Clearing the Confusion About Advanced Car-Safety Feature Names

CR is working to standardize terms so that consumers can be certain about what they’re buying

nomenclature Illustration: Giacomo Bagnara

Advanced driver assistance systems (ADAS) are becoming more common in new cars. While these features add convenience and safety, their names often confuse car buyers—especially when different automakers use different terms for the same feature. As a result, it can be hard for car shoppers to find the features they want and to compare models. 

To address that confusion, Consumer Reports worked with the automotive and auto safety groups AAA, J.D. Power, the National Safety Council, Partners for Automated Vehicle Education (PAVE), and SAE International to develop a list of standardized names designed so that consumers know what they’re getting when shopping for a vehicle. Originally released in 2020, the list has been updated to include technologies such as driver monitoring and lane centering assistance, which are becoming more common on new vehicles. (Download the Clearing the Confusion pdf.)

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While automakers aren’t forced to use the new names, there’s widespread industry support for consumer-friendly terminology. In addition, the list was endorsed by the Department of Transportation (DOT) in January 2020.

“The names of these features are all over the map right now, and many of them don’t accurately describe what the feature will do or what drivers should expect,” says Kelly Funkhouser, CR’s head of connected and automated vehicles. “There’s a different name on the website, in the owner’s manual, and then in the menu in the car.”

All but a handful of new vehicles offer at least one ADAS feature, such as automatic emergency braking (AEB) or blind spot warning (BSW). Many vehicles include multiple ADAS features. But AAA research shows that consumers may encounter as many as 20 names for a single ADAS feature.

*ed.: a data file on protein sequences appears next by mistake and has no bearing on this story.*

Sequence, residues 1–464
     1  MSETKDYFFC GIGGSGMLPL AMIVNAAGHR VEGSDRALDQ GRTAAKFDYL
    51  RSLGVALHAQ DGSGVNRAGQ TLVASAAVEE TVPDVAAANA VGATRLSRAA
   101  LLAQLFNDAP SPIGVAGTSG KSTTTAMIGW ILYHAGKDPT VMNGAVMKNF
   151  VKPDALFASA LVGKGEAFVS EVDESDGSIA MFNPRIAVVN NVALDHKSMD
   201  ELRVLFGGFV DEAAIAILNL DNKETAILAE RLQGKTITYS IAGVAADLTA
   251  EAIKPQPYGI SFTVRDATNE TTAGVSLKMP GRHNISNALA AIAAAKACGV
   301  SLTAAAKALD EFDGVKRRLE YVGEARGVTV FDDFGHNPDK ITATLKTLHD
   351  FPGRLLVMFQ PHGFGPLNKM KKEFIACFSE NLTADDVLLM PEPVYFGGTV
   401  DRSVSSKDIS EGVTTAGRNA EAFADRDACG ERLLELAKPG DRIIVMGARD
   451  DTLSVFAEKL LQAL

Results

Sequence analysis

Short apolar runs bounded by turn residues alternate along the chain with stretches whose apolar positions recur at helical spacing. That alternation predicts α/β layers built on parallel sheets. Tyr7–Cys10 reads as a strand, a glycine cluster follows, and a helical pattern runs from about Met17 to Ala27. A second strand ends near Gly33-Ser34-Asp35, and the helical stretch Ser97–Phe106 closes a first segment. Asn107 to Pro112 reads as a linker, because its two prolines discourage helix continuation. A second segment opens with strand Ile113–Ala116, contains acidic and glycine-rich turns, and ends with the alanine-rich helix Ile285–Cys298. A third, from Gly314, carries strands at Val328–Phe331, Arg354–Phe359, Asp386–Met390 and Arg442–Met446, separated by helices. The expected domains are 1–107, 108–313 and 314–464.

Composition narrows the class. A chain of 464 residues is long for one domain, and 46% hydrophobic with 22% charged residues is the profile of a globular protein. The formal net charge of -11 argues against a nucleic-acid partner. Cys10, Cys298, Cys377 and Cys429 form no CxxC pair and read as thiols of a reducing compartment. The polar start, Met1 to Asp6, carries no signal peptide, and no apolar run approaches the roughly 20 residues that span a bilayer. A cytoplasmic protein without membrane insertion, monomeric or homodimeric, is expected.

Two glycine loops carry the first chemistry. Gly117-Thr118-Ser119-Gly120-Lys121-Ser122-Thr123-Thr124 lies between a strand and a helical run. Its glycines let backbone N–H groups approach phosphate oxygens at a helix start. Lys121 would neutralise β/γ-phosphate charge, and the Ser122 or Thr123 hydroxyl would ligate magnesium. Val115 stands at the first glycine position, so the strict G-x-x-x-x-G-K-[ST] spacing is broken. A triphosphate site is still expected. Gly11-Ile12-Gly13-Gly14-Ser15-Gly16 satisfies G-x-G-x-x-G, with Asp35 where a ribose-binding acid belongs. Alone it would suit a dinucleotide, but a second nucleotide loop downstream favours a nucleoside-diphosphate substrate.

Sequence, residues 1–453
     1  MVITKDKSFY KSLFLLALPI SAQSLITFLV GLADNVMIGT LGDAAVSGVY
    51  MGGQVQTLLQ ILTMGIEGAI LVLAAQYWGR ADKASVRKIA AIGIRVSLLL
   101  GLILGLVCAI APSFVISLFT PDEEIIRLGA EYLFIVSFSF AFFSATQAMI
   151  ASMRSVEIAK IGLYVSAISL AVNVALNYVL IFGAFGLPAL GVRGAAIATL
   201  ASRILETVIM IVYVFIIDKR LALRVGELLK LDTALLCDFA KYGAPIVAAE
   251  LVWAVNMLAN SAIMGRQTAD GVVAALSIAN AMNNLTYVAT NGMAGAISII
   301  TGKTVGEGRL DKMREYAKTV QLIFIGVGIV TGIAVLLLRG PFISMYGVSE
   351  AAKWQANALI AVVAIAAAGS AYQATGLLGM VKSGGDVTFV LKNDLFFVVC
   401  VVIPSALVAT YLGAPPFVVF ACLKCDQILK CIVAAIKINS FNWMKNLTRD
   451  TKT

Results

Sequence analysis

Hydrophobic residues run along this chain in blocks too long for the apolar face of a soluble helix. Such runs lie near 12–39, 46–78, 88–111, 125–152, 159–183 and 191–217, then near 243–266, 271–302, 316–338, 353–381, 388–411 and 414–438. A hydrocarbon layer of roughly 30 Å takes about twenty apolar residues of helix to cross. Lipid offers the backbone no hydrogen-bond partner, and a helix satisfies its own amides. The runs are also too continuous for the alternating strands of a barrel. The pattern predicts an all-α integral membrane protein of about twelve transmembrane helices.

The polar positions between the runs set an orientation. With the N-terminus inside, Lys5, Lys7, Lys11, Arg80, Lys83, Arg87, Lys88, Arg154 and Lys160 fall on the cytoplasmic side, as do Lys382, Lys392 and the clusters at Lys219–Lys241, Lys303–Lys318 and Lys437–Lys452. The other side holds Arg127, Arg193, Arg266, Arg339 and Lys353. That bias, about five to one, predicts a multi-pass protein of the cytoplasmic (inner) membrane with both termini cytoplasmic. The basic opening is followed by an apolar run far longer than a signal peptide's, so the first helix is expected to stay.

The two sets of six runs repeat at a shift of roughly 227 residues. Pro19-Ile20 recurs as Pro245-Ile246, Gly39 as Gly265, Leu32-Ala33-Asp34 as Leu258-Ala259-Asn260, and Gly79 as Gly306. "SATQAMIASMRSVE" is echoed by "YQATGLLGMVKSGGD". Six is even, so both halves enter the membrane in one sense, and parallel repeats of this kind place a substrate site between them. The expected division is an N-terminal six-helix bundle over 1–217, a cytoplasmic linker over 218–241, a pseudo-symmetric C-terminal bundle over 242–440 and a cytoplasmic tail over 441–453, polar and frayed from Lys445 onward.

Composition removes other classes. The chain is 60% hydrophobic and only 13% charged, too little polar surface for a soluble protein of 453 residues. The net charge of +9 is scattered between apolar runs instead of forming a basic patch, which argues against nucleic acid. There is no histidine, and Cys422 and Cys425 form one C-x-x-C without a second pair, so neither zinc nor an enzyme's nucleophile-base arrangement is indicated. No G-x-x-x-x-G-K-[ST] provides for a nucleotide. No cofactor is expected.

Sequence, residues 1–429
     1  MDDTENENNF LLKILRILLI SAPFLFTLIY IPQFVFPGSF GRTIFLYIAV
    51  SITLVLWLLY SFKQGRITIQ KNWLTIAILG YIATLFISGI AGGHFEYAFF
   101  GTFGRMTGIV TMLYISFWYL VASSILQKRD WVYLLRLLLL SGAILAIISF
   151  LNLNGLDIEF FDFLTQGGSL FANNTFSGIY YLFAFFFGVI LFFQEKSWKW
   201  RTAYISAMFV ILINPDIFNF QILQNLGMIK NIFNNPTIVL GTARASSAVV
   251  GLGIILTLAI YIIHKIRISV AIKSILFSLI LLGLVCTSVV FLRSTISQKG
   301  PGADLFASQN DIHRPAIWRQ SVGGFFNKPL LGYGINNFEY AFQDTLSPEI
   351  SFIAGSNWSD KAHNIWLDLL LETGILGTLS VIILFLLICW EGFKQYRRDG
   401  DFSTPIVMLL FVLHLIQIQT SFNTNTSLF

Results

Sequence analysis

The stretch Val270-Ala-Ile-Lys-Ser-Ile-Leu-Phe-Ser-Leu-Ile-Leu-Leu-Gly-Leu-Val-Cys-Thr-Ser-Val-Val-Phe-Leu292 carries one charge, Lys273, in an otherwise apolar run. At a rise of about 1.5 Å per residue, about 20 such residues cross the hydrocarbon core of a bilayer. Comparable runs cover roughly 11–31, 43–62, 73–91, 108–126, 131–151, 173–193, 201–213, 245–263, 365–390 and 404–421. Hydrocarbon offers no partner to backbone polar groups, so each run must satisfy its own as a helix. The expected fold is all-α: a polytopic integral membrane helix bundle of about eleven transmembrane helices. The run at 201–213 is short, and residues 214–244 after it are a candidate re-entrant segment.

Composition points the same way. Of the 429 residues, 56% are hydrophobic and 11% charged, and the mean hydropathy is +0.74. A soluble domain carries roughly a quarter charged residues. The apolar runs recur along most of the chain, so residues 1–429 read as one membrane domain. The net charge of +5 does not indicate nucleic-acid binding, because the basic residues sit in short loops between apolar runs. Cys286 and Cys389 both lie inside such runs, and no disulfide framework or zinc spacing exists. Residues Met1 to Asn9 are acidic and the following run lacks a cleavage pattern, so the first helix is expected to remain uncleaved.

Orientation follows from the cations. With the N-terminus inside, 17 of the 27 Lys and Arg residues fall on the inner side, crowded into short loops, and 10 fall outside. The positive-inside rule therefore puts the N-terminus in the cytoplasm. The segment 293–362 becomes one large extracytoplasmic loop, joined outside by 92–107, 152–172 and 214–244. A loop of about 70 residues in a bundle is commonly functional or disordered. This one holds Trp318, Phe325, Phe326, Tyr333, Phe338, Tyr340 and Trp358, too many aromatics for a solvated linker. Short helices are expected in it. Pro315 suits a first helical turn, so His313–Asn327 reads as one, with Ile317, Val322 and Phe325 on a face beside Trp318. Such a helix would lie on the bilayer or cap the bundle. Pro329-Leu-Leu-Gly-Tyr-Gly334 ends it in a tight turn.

The goal is for safety organizations, automakers, and journalists covering the automotive industry to adopt these standardized names so that consumers can more easily compare and contrast vehicles. In addition, standardized names will help them better understand new features as they debut across different makes and models.

For example, Audi calls blind spot warning “Audi side assist,” while Toyota calls it “blind spot monitor.” On some GM vehicles, it’s called “side blind zone alert.” A single automaker might use different terms for the same feature on its websites, at dealerships, and in owner’s manuals. As a result, consumers might not understand which features are available on which cars, and risk buying one without key safety equipment.

“It’s a real struggle to make sure consumers are able to get the safety features they want on their cars when they leave the dealership,” Funkhouser says. “It’s even harder when systems are called different names.”

“It’s important that we all start calling them the same thing,” Funkhouser continues. “It will help automakers to advertise their features, dealerships to communicate to consumers, and drivers to have a cohesive understanding of each feature.”

These are the names and definitions of the most common ADAS features. They have been divided into six categories based on their abilities. The list will be refined as new systems are developed.

Collision Warning

  • Blind spot warning: Detects vehicles in the blind spot while driving and notifies the driver of their presence. Some systems provide an additional warning if the driver activates the turn signal.
  • Forward collision warning: Detects a potential collision with a vehicle ahead and alerts the driver. Some systems also provide alerts for pedestrians or other objects.
  • Lane departure warning: Monitors a vehicle’s position within the driving lane and alerts the driver as the vehicle approaches or crosses lane markers.
  • Parking collision warning: Detects objects close to the vehicle during parking maneuvers and notifies the driver.
  • Rear cross traffic warning: Detects vehicles approaching from the side at the rear of the vehicle while in reverse gear and alerts the driver. Some systems also warn of pedestrians or other objects.

Collision Intervention